# Logical Operators

The four logical operators and, or, xor, and not are used to determine the "truth" of an expression. e.g.
```        1 and 1     -- 1 (true)
1 and 0     -- 0 (false)
0 and 1     -- 0 (false)
0 and 0     -- 0 (false)
1 or 1      -- 1 (true)
1 or 0      -- 1 (true)
0 or 1      -- 1 (true)
0 or 0      -- 0 (false)
1 xor 1     -- 0 (false)
1 xor 0     -- 1 (true)
0 xor 1     -- 1 (true)
0 xor 0     -- 0 (false)
not 1       -- 0 (false)
not 0       -- 1 (true)
```
Function-style equivalents of these operators can also be applied to entire sequences, as explained shortly in Sequence Operations, eg
`sq_and({true,{false,true}},{true,false}) ==> {true,{false,false}}`.

In all cases short-circuit evaluation is used for expressions containing and or or.

The constants TRUE, True, true, FALSE, False, and false are automatically builtin to the Phix compiler. There is no difference between the different cases, which makes for one less thing you have to remember.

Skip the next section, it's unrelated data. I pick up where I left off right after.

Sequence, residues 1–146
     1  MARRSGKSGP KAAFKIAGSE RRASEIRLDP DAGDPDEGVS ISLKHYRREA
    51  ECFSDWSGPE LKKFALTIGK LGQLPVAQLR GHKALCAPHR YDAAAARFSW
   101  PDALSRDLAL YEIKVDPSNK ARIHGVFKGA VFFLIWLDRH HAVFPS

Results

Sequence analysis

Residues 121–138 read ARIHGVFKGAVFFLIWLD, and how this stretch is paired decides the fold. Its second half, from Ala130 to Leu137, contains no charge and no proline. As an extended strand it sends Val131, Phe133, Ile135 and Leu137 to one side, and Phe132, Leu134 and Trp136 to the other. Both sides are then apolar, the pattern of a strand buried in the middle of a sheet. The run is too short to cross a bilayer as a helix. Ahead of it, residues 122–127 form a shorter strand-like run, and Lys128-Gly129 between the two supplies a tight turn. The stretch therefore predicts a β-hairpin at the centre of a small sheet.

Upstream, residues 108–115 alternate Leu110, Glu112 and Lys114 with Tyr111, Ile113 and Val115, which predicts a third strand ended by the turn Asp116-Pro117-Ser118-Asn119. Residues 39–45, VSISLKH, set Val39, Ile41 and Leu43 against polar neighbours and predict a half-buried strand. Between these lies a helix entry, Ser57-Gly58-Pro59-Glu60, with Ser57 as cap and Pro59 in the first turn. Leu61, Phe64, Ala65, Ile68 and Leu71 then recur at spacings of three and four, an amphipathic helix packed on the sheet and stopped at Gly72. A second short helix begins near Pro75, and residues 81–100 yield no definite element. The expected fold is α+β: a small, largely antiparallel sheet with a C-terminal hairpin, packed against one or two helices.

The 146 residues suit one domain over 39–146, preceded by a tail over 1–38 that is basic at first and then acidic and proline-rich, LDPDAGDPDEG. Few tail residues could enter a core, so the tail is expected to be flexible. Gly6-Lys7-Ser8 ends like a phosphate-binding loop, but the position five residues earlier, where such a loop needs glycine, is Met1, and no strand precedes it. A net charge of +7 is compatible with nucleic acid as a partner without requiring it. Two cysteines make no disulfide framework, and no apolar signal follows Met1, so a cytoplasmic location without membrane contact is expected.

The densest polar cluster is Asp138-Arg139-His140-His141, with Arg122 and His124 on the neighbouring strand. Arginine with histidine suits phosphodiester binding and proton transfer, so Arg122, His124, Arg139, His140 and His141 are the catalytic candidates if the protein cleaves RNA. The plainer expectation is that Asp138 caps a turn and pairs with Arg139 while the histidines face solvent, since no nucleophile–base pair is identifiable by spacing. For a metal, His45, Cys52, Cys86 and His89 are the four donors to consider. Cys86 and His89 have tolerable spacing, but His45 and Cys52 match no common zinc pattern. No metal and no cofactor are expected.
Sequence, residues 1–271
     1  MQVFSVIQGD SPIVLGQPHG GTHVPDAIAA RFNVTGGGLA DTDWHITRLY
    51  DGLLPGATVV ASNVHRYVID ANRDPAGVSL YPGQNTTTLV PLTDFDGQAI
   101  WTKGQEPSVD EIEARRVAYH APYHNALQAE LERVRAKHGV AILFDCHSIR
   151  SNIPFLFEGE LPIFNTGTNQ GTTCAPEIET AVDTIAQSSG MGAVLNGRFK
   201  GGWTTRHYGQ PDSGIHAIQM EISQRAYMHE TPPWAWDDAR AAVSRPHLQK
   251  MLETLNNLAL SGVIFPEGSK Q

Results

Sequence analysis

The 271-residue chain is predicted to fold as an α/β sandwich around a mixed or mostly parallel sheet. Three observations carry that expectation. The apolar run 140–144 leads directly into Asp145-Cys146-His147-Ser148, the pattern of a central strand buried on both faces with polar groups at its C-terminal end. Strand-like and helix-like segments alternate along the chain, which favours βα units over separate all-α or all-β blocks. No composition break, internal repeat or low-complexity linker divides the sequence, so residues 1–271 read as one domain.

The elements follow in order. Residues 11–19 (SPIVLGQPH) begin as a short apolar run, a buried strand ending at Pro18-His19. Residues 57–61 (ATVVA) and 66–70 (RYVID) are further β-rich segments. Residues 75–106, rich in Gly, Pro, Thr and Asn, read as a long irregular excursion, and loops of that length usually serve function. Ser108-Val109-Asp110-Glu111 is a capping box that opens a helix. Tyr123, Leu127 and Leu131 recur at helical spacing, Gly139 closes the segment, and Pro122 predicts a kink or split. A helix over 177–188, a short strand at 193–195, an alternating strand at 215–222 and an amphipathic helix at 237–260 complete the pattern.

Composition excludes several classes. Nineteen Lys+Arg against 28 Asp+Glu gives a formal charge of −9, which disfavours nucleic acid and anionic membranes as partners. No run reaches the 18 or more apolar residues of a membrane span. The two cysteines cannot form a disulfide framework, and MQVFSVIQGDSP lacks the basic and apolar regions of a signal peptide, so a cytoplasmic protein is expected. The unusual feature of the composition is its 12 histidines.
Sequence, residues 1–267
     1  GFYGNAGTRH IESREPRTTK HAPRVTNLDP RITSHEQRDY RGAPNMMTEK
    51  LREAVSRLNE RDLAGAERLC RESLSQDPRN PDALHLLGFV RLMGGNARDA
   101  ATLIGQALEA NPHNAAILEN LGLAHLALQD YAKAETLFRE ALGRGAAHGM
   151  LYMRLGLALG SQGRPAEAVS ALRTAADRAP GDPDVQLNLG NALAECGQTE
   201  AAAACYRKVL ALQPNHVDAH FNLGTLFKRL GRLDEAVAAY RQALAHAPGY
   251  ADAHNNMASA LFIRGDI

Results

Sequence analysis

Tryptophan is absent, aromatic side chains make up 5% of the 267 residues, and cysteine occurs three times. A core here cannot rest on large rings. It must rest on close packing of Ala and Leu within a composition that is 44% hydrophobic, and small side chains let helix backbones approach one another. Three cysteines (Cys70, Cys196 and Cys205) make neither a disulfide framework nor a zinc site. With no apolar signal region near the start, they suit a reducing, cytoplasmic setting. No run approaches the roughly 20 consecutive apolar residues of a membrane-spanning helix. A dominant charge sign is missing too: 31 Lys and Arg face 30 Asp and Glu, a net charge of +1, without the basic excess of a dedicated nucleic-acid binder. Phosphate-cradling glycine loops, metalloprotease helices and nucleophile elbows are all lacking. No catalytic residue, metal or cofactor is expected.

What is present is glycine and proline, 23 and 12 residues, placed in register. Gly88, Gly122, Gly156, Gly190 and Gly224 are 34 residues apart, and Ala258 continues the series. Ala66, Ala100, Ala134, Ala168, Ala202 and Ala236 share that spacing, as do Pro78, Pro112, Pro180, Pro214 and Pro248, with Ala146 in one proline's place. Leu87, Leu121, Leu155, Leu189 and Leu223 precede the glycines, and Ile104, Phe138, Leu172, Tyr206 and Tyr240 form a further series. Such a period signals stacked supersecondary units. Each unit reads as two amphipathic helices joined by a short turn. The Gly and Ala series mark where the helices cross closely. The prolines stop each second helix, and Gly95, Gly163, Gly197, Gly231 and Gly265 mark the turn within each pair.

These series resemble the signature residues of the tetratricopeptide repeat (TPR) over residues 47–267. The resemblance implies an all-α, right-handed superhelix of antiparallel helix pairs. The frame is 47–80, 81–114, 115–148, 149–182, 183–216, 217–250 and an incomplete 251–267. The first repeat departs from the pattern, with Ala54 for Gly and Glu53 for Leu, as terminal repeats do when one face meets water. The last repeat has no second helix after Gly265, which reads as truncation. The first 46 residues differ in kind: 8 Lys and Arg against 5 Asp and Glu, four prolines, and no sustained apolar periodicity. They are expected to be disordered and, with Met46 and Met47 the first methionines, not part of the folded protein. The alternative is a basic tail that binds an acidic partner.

You may also find these operators applied to numbers other than 1 or 0. The rule is: zero means false and non-zero means true. So for instance, replacing variable names (which might make more sense) with literal values to show exactly what is going on:
```        5 and -4    -- 1 (true)
not 6       -- 0 (false)
```
One could argue the above is relatively poor practice. The equivalent expressions "5!=0 and -4!=0" and "6=0" yield the same results and (at least when using sensible variable names rather than those meaningless literals) can communicate the intent with greater clarity. If there are any cases where the latter forms generate slightly less efficient code, that should be logged as a bug in the compiler. There are, however, countless instances of this sort of practice in legacy code, far too many to ever fully eradicate, especially given that attempts to do so are likely to introduce new bugs (even if they are schrödinbugs1).

One case worth mentioning is the popular idiom `[not] find(needle,haystack)`, for which encouraging the programmer to tack "=0" or "!=0" onto the end does not really improve anything, and smacks of pedantry and pettiness, but of course there is exactly the same 0 means false and anything else means true.

Parenthesis is required to mix different logical operators in a single expression, as explained below the Precedence Chart.

 See Also: and_bits, or_bits, xor_bits, and not_bits, which are the corresponding bitwise functions, or the ARM data processing operations.